Comparing the effect of embodiment on distributed information processing in plants and ants
Schijndel, Laura van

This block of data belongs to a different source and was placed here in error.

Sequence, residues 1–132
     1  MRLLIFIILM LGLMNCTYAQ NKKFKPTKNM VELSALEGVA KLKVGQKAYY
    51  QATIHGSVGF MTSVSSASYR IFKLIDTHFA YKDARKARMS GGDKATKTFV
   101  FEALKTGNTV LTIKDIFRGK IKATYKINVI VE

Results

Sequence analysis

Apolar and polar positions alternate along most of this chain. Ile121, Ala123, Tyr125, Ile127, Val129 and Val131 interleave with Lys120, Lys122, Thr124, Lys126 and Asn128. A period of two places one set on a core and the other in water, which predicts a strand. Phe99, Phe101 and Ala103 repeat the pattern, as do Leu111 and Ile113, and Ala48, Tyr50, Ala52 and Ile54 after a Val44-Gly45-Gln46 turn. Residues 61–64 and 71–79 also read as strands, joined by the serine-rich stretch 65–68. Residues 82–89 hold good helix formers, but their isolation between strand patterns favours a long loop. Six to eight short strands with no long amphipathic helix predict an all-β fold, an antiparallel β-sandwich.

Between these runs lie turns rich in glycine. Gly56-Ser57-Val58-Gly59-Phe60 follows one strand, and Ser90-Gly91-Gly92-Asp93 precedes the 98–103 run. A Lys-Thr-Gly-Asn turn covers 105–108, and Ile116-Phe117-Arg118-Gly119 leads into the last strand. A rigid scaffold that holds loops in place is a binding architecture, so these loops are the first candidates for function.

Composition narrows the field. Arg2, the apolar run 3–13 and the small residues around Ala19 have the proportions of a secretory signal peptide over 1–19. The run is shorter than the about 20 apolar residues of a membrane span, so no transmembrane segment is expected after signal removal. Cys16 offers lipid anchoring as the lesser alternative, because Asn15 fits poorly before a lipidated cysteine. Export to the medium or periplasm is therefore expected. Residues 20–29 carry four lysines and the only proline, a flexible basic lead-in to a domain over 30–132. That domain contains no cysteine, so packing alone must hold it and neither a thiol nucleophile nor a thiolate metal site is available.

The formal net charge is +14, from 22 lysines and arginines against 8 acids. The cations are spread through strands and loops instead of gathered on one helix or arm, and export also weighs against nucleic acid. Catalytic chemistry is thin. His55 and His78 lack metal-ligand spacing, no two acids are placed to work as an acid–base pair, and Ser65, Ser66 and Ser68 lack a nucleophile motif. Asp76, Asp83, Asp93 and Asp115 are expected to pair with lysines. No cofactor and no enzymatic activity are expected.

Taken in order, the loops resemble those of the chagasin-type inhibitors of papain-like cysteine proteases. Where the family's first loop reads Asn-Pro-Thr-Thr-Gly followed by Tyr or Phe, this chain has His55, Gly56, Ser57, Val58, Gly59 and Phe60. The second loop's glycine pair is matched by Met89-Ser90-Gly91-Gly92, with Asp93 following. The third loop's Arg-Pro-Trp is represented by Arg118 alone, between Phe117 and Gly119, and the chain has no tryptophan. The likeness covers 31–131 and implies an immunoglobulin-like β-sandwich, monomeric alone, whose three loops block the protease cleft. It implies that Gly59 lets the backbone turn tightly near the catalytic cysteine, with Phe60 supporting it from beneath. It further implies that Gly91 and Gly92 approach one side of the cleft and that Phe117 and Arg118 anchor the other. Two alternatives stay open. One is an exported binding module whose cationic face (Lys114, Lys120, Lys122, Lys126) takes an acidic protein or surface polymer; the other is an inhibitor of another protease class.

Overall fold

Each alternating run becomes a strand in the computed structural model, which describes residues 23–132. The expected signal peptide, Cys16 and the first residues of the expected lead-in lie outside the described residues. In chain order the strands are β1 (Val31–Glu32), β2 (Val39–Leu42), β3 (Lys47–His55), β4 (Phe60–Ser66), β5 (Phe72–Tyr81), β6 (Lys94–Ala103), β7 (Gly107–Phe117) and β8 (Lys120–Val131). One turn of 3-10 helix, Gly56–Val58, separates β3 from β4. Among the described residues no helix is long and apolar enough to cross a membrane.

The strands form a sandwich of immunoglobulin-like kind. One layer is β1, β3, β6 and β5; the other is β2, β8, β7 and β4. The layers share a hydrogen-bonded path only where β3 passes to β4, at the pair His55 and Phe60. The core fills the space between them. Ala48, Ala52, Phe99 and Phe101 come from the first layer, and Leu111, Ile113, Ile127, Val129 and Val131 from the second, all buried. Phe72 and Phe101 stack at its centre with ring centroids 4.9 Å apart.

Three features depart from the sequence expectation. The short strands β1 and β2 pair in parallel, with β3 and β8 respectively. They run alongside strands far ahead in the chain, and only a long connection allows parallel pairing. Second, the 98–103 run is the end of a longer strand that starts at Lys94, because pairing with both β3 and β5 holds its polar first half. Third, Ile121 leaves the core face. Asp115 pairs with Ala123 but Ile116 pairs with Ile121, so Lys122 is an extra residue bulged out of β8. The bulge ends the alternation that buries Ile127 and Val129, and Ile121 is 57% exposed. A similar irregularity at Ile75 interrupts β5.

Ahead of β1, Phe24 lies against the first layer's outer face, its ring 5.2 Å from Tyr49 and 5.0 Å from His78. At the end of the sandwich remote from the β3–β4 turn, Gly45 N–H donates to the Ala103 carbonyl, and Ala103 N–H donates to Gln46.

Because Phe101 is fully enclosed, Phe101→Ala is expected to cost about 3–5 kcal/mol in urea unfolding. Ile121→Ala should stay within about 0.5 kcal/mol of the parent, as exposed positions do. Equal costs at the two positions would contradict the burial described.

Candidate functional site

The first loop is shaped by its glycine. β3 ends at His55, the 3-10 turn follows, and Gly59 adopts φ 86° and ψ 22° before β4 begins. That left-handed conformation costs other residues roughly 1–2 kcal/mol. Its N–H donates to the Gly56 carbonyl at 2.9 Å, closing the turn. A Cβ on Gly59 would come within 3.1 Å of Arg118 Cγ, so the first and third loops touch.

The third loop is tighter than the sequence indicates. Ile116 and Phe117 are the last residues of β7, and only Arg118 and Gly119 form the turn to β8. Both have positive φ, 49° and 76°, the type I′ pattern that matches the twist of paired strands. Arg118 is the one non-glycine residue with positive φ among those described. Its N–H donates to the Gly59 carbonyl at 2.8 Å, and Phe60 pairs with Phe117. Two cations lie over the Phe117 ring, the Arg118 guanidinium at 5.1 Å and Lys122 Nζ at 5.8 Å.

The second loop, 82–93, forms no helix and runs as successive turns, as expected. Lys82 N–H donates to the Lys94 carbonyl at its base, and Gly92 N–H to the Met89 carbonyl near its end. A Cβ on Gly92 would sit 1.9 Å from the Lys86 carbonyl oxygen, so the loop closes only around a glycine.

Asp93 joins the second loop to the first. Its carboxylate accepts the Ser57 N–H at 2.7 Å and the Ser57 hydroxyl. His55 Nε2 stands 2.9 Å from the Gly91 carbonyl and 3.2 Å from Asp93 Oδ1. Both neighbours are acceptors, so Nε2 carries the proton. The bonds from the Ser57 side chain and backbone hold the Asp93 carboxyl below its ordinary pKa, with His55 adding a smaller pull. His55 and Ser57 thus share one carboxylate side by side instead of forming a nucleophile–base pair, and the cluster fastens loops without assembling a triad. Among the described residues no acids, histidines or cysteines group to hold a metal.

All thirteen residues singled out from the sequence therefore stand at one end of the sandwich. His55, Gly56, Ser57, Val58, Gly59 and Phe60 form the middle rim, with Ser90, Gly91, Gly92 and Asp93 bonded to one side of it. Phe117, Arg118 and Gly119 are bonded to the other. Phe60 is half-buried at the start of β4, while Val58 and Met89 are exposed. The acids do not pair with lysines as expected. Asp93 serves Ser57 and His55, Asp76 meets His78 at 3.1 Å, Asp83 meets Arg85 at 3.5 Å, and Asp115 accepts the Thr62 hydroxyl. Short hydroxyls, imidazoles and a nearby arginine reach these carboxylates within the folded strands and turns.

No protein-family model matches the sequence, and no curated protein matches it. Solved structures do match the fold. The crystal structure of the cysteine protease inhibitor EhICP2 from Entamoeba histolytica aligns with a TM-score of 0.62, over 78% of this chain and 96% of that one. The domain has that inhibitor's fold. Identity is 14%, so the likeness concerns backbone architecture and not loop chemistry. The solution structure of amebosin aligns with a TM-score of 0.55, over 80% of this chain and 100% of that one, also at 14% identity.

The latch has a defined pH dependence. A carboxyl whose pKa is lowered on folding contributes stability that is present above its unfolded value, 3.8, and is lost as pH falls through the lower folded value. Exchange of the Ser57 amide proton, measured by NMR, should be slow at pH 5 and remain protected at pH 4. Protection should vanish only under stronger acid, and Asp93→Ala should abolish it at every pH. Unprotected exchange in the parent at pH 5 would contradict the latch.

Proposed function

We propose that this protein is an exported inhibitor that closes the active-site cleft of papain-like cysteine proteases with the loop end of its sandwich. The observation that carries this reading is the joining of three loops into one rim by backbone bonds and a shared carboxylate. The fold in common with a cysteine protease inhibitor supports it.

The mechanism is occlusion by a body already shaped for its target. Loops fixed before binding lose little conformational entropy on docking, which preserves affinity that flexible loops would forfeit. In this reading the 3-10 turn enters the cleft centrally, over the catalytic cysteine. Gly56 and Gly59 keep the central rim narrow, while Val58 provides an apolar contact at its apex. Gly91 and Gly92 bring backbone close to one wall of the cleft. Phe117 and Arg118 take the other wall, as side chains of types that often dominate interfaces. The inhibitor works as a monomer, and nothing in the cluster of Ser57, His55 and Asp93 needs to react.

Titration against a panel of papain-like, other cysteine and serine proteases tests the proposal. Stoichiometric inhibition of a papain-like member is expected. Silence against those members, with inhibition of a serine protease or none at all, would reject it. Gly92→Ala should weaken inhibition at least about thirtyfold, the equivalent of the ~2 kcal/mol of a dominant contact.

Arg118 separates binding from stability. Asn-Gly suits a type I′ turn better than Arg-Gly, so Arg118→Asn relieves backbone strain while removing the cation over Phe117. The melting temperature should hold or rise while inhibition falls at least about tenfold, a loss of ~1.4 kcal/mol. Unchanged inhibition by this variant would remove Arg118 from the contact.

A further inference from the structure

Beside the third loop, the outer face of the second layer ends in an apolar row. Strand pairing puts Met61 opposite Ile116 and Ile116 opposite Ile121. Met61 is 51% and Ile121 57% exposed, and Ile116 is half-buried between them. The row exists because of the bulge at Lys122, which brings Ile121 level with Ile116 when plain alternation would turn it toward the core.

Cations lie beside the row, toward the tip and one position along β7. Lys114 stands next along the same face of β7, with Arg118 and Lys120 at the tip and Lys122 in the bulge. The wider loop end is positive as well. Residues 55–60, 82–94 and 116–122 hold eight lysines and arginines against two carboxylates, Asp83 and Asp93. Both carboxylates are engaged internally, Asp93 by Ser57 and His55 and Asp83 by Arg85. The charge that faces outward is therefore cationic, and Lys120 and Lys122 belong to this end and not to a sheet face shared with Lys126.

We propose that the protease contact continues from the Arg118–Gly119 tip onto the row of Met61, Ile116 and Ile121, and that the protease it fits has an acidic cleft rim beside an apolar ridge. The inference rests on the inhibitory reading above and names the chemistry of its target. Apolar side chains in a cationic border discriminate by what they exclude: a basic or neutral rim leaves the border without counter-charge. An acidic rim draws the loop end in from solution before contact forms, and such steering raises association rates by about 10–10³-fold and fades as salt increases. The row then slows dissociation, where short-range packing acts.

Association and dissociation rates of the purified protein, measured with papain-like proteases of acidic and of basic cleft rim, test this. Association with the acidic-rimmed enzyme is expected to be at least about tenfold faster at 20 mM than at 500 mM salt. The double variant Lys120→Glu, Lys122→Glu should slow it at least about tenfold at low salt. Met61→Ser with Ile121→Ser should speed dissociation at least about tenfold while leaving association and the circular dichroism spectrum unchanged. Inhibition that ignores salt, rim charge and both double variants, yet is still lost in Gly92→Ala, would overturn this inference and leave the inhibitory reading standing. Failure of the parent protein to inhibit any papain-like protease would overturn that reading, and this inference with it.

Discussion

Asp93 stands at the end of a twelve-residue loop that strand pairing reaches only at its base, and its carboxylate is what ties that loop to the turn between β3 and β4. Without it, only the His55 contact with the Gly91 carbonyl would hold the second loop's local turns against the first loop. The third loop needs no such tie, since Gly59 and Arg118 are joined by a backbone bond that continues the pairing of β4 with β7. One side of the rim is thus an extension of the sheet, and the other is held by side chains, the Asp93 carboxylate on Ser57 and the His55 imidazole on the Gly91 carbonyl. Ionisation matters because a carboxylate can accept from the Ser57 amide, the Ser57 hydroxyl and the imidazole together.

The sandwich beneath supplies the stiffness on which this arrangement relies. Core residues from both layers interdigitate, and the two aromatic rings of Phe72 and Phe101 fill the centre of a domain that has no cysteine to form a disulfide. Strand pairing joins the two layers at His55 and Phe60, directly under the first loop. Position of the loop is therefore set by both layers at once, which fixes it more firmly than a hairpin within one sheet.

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Information processing is an essential part of biology, and is often distributed across multiple entities, such as cells in a tissue or ants in a colony. However, not only the computation steps themselves matter, but also the context in which they occur. An important example is embodiment: the influence of body shape and properties on information processing. Since a few years, research explicitly distinguishes between solid brains, consisting of sessile parts, and liquid brains with motile parts. Previous research separately examined plants and ant colonies as solid or liquid brains, respectively. This literature review directly compared these two systems to investigate how their solid or liquid embodiment shapes their distributed information processing. Key results were: there is a solid-liquid brain spectrum, which corresponds to computations using structure or movement, respectively. Developing networks must balance construction cost against transport speed within embodiment constraints. Local communication suffices for system-wide information integration and complex computations, but long-distance communication methods add signal robustness, quick responses due to shortcuts through 3D space, and enable interaction with neighbouring plants or colonies. Computational output typically modifies input of subsequent information processes, often through proprioception. Contrary to the dominant perspectives in the plant cognition debate, this research showed the existence and importance of whole-plant emergent processes, but started from the plant embodiment instead of forcing plants into a neural animal mould. In this way, new research questions arise, such as how communication delay and signal integration are affected when growth adds plant organs and increases inter-organ distance.